Find out whether it’s better to use a collar or a harness for your dog. Learn how dog collars and harnesses can impact health, training and more.
Collar or harness - which accessory is more suitable for my dog? This is a thorny question that divides the world of canine owners. It is more than a matter of preference. There are many things that influence whether your dog will be more comfortable in a collar or harness.
How are dog collars and harnesses used?
The collar and the harness have the same utility: combined with a leash, they allow the master to walk his dog, to control it and to keep it away from danger. Depending on the character and temperament of the dog and the owner, a significant force can be exerted on the leash, harness and collar. This is why the issue of choosing the right dog collar or harness is so pressing.
Health aspects of dog collars and harnesses
A dog collar, as the name suggests, is placed around the dog's neck. By pulling on the leash, force is directly exerted on the dog's neck and nape. There are many important organs that are located in this part of a dog’s body, including the trachea, larynx, major blood vessels and thyroid glands. Thus, the owner has more influence on his dog. At the same time, the risk of injury is relatively high. Several studies have shown that repeated shocks to the spine and the thyroid glands inflicted by a leash and collar can cause inflammation.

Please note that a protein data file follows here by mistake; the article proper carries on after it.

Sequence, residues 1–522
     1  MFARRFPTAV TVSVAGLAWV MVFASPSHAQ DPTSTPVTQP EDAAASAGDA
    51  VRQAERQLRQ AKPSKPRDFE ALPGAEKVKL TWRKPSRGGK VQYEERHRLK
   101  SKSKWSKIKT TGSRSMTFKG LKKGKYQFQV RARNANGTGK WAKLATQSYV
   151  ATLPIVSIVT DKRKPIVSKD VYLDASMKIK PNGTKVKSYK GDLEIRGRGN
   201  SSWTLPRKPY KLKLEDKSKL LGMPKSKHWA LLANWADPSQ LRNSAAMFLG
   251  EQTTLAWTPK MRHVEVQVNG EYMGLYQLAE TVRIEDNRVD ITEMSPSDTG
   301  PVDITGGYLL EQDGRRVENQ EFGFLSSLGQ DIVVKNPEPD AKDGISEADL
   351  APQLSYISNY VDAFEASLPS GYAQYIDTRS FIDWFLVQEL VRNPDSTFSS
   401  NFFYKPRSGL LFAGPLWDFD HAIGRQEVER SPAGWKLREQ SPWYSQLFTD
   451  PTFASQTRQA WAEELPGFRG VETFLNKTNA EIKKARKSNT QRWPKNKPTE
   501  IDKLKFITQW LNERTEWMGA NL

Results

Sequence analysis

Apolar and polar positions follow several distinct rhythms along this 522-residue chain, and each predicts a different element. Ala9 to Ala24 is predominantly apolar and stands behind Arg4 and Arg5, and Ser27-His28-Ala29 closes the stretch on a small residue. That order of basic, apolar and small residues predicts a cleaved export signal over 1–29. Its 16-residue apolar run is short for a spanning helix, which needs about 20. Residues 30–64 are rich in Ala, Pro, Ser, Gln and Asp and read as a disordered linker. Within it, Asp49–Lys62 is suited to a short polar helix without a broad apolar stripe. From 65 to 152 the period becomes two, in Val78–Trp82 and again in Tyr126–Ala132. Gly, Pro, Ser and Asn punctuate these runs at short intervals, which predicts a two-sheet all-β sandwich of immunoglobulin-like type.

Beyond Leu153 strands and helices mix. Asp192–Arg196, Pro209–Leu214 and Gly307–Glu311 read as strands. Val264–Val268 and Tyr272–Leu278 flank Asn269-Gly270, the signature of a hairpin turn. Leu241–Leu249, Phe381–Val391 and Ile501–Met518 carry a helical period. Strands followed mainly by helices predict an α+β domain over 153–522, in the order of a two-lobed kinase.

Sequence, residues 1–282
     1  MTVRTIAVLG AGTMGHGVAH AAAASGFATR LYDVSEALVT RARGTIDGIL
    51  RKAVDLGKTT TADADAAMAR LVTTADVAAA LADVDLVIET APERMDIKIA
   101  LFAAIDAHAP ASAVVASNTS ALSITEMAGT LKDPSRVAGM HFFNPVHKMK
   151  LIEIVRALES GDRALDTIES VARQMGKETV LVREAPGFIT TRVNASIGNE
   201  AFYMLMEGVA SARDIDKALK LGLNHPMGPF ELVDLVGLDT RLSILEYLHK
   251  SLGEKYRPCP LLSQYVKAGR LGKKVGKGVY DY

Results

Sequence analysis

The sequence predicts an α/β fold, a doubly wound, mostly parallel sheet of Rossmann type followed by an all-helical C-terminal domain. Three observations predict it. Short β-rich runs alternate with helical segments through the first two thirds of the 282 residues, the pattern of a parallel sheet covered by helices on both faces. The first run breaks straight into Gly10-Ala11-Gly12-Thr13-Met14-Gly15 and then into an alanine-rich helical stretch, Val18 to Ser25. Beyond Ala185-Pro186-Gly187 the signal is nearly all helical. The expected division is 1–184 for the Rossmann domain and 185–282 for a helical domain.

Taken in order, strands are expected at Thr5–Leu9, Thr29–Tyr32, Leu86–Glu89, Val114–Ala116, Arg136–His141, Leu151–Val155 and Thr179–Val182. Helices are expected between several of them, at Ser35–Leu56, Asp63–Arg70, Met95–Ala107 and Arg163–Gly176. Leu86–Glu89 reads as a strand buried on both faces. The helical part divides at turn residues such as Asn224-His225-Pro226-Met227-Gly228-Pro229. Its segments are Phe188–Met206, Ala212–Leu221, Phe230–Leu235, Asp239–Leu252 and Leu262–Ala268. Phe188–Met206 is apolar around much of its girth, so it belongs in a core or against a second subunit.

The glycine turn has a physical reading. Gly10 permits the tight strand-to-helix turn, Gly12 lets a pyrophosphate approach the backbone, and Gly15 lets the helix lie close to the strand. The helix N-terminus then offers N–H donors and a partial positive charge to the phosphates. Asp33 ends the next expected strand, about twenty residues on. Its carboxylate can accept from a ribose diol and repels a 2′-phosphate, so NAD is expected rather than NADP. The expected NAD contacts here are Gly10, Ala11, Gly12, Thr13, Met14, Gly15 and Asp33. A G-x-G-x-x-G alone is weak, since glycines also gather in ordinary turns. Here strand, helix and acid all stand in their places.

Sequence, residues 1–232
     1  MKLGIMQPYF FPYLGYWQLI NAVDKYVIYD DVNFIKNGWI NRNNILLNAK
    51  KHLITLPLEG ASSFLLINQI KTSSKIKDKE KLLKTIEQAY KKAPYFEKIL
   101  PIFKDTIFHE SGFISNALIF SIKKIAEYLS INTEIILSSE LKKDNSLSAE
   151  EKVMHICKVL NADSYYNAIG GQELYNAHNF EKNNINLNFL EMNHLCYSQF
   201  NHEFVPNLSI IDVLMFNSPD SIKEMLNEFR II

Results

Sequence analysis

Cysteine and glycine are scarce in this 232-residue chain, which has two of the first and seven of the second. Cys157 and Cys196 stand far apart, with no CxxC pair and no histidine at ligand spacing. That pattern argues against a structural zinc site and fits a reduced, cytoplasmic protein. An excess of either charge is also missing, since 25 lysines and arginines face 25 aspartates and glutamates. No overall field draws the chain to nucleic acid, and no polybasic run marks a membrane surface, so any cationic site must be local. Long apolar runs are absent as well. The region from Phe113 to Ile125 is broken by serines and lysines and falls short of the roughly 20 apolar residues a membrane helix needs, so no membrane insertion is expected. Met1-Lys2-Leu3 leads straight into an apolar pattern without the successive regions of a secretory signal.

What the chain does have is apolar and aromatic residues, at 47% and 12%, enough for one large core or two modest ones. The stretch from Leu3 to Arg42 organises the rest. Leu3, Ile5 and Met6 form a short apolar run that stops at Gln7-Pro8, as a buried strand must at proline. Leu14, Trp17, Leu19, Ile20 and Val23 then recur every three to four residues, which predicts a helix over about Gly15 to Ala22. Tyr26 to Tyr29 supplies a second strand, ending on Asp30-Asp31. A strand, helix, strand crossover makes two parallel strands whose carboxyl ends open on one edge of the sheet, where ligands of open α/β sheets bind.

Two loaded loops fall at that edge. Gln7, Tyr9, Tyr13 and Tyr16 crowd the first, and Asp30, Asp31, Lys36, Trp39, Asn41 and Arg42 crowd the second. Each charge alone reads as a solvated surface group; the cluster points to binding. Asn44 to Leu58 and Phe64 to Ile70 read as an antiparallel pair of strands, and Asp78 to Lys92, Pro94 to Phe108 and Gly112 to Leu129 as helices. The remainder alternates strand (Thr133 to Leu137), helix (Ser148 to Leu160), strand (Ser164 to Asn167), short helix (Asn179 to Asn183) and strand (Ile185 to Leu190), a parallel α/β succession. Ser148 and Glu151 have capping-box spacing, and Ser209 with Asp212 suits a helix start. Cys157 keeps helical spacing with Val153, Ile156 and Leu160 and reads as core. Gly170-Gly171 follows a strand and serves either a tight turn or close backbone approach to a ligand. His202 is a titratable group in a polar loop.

A harness is positioned on the dog’s back and chest, which allows for a better distribution of the master's force over the dog's body. Daily walks become smoother and less painful for the dog. However, if a harness doesn’t match your dog's build, it could easily injure its shoulderblades and prevent its natural gait.
Which is better for training: collar or harness?
During training, the amount of force exerted on the collar or harness should be limited. This is only possible when the handler and the dog can communicate with each other without the need to use the leash. This is a prerequisite for good training, especially for dynamic dogs.
The effectiveness of the harness and collar depends on the type of training your four-legged friend has and how careful you are with him. If every walk turns into a showdown, it might be a good idea to invest in a good dog training school rather than a beefier collar or tighter harness!
Choosing the right accessory for your dog
Whether you have decided on a collar or a harness, both should be appropriate for the age, weight and size of your dog. For example, a harness should be positioned under the dog's elbows at a distance of the width of a hand. You should also make sure there isn’t any friction below the armpits. Also, the harness should not put pressure on the bog’s breastbone.
There is also a whole range of collars in different materials and sizes. Your dog's collar should be light, strong and flexible. A buckle makes it easier to put on and adjust the size of the collar.